Sproutly is a medical and recreational dispensary that boasts a wide variety of high-CBD strains, a reflection of the team’s focus in the past. “We are extremely medically focused with a variety of unique CBD strains in stock,” says Jacques. “First and foremost are the patients, but entering the recreational market means we will be carrying a wider variety.” The opening of the dispensary is well timed as the team received their Tier II cultivation license, allowing them to grow cannabis up to 20,000 square feet in an outdoor space and 5,000 square feet indoor. So in addition to the handful of brands they carry, including Lunchbox Alchemy edibles, Northwest Kind and Marley Naturals, they also carry over 75 strains from their own Grower’s Guild Gardens.

Adam Jacques in front of a display shelf at Sproutly.
Adam Jacques in front of a display shelf at Sproutly.

Adam and Debra Jacques pride themselves in rigid standards for quality in sourcing, so it should be no surprise that they plan on supplying their dispensary with over 150 strains coming from more than 1,200 plants on their farm. “We really only take products from people we know and trust,” says Jacques. “That is why most of the flower in the dispensary is coming from our farm, so we know exactly what is going into it.” Jacques points to third-party certifications such as Clean Green, for other vendors to find reputable growers. “I need to know where it is coming from and that requires a personal relationship to trust the quality of their products.” The value of trust and personal relationships is also why they go through extensive training of their staff, using their own expertise for in-house training.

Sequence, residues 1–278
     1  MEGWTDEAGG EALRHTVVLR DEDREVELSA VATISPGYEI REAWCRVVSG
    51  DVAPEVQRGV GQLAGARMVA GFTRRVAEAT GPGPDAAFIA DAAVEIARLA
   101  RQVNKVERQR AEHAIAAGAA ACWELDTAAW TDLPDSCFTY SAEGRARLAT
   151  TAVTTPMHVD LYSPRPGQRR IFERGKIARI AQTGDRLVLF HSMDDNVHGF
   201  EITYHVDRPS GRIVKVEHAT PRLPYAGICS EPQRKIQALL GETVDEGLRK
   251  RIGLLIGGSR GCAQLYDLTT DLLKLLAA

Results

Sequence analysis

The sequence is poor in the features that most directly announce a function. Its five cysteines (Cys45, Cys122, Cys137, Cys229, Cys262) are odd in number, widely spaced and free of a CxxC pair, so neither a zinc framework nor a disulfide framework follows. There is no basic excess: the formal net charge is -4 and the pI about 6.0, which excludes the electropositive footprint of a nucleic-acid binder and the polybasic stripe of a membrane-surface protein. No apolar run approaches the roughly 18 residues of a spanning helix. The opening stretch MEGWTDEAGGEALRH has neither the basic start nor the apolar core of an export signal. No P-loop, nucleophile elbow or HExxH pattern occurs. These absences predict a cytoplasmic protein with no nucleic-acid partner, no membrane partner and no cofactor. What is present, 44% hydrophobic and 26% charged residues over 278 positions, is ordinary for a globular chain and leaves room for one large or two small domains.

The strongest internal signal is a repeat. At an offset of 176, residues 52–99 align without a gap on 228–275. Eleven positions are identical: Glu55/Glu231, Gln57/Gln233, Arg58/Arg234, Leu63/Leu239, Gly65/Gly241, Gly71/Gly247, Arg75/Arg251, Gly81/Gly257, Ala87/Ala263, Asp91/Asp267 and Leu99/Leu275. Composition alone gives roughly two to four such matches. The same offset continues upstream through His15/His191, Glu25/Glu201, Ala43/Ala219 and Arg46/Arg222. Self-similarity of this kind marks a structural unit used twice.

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The team includes Chris West, Elton Prince and John De Kluyver, all of whom have a decade or more of experience cultivating cannabis and working with patients. “We take our bud tenders through training classes, they get tested on their knowledge of products and the science of cannabinoids and terpenes and how the combinations affect people differently,” says Jacques. By leveraging that high level of in-house expertise, the team prides themselves on customer service, helping patients and customers find the right strain or product that suits them best.

In the front of the dispensary, a receptionist greets patients or customers, checking identification and showing you to a bud tender. As you walk into the retail space, you immediately notice the professionalism of the staff, taking time to personalize each customer’s experience without making him or her feel rushed. The clean aesthetics, product selection and knowledgeable staff provide for a friendly retail culture without the common ‘stoner culture’ that usually follows.

Jacques and his team will not be trading in their overalls and work boots just yet as they are inching toward harvesting their 1,200 outdoor cannabis plants soon. Grinning ear-to-ear, Jacques showed off his Tier II cultivation license on the farm, and with it came a glimpse into their exciting growth.